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If your therapist says something you don't agree with?

(18 Posts)
superstarheartbreaker Sat 10-May-14 19:53:08

New therapist. Lovely but she made a comment that everyone tries their best ( which I agree with) but also my abusive ex was 'trying his best.' She has shown a bit of compassion towards him as well as acknowledging he was an arse. She has also hinted forgiveness towards him could be freeing. I am not really interested about forgiving him but I do want to forgive myself for putting up with him. This I find very hard.

I don't think she is taking sides but I don't really agree that he was trying his best. He was trying his best to destroy my independence. I want to try this therapist out for a bit longer but I am messed up about this chap and I don't want to hear any sympathy for him. I don't want her to slag him off necessarily but how can I handle this?

She specialises in emdr therapy which I hope can help release some of the trauma from the abuse so I want to stick with it.

pricklyPea Sun 11-May-14 00:07:58

Can you raise it with her? If you don't want to change therapists then perhaps tell her how her comments are making you feel.
I would change and have changed therapists for this exact reason except reversed, she was trying to say I was being abused when I was venting.

Good luck.

DioneTheDiabolist Sun 11-May-14 00:15:31

Sounds as though she's jumping the gun a bit.

Understanding and even forgiving those who hurt us is liberating. But before you can get to that point you have to properly deal with the damage that they did to you OP.

Can you tell her that you are still dealing with how much he fucked you up and not even close to wanting to know about His Ishoos yet?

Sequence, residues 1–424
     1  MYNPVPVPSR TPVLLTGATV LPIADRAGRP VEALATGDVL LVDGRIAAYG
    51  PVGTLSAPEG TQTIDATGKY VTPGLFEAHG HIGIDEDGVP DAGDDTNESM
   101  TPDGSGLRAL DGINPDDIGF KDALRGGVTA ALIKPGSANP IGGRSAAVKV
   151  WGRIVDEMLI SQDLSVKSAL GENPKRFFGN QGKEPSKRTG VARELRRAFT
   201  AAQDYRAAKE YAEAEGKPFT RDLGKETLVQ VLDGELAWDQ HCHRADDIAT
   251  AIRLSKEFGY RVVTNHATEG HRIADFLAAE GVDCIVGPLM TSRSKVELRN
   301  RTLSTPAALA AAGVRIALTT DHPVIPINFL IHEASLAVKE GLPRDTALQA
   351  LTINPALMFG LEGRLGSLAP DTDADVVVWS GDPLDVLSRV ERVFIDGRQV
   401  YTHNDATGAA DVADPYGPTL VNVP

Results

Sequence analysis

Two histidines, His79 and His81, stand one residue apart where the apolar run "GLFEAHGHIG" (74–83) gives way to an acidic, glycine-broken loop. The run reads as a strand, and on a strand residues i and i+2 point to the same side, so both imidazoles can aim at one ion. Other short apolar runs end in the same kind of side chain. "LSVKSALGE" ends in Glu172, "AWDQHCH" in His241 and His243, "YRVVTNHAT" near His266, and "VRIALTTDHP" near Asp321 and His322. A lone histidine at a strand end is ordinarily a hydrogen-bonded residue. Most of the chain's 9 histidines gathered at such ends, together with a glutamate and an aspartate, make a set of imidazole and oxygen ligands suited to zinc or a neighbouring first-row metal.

ThingsThatShine Sun 11-May-14 00:18:54

I would try to raise this with her and say you do not feel he was trying his best!

RonaldMcDonald Sun 11-May-14 00:24:09

She should ask you for feedback at the beginning and often end of each session. During summarizing statements she is checking if she is getting it right.
If you don't like what she is doing or saying tell her. She needs to know you need to say it on some level
A lot of therapists now are trying to move toward an acceptance model. He was a shitty fucker of a husband but maybe that was the very best he could do. Working around that seems to be a new approach and it can work.
He's an abusive arse, let's sit with that. Accept that although a twat maybe he was preprogrammed to be a twat and we just wondered into his pathway. Not personal the world is not dangerous people are not dangerous etc etc.
I'm unsure it is anything other that bollocks.

Tell her what you think, she'll explain. If it doesn't ring true. End therapy. There are plenty of EMDR people . Make sure you get an actual specialist though.

jbean3 Sun 11-May-14 12:35:23

I would probably take her advice. Forguveness doesn't mean letting them back in your life. Also she is an expert and has studied and trained to help people such as yourself, if you don't trust that she is a good dat her job you should ask for a referal to someone else.

nethunsreject Sun 11-May-14 12:39:02

Tell her how you feel about this.